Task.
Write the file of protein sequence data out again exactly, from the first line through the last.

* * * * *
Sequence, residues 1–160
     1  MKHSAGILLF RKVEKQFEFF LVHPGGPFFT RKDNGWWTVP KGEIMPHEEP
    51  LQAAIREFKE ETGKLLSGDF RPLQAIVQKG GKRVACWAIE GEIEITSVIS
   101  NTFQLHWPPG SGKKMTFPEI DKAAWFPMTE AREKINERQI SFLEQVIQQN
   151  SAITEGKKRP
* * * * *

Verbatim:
Sequence, residues 1–160
     1  MKHSAGILLF RKVEKQFEFF LVHPGGPFFT RKDNGWWTVP KGEIMPHEEP
    51  LQAAIREFKE ETGKLLSGDF RPLQAIVQKG GKRVACWAIE GEIEITSVIS
   101  NTFQLHWPPG SGKKMTFPEI DKAAWFPMTE AREKINERQI SFLEQVIQQN
   151  SAITEGKKRP